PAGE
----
The service began with the congregation rising from the pews as a woman appeared up on the screens. Following her lead, everyone in the room began doing American Sign Language simultaneously. Hands, arms and other body parts flailed in a concerted medley of symbols and movements that is second nature to them.
Soon, it was clear they were singing a psalm.
“All of our psalms are on DVD,” said Caleb’s wife, Abby, who served as an interpreter for a sign language-impaired reporter this day.
The mix of prerecorded DVD cues segments and live taping of the service was coordinated via a video machine in the back of the hall. When Caleb Woolard came up to deliver the sermon “Is Hell Really a Fiery Torment?” in sign language, his image also went on the screens. Words and numbers also flashed up as backup for his biblical references that skipped around from John 4:19 to Romans 5:12 to Revelations 20:10 and others.
At times, Woolard and Steve McTavish, who led the study discussion, appeared to be actors in a dramatic play or pantomimists with a flair for body histrionics. Their sign language was rife with animated gestures. When Woolard imitated a scared dog during a story he was telling, the congregation gushed in the universal language of laughter.
All of that, too, had a purpose.
“It’s more than just the signs,” Abby Woolard explained in the back row. “Our body movements and facial expressions add intensity to what we want to say.”
American Sign Language is a complex visual-spatial language. By many accounts, American Sign Language is the fourth most-used language in the United States and, according to the U.S. Census Bureau, could rank as high as third.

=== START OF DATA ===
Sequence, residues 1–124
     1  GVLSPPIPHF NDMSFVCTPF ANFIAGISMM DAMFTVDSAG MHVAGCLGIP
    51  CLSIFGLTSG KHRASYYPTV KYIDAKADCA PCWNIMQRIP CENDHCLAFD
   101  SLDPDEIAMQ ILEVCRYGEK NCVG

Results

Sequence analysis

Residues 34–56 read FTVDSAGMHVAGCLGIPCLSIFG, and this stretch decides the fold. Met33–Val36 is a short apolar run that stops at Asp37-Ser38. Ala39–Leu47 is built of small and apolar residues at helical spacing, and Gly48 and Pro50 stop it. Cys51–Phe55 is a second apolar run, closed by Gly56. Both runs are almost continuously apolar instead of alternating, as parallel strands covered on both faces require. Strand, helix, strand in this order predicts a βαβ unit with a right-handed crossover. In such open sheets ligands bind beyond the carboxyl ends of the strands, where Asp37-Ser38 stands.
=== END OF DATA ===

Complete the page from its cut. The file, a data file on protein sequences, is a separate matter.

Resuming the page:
It shares no grammatical similarities to English, the Web site http://www.deaflibrary.org notes, and thus is not a symbolic representation of the English language.
While hand gestures are a central component of American Sign Language, facial features such as eyebrow motion and lip-mouth movements are also crucial.
Joy in any language
Even the ovations are different. At the end of Caleb Woolard’s sermon, congregation members extended their arms and wiggled their fingers and thumbs in the air gleefully.
“That’s the way the people clap,” Abby Woolard noted.
Still nary a peep. As time wore on, the absence of sound took on an almost regal air, the way it does amid the absolute stillness of a redwood grove in the wild.
“You came on a quiet day,” Abby Woolard said with a broad smile near the end. “Normally, we have more families, children crying …”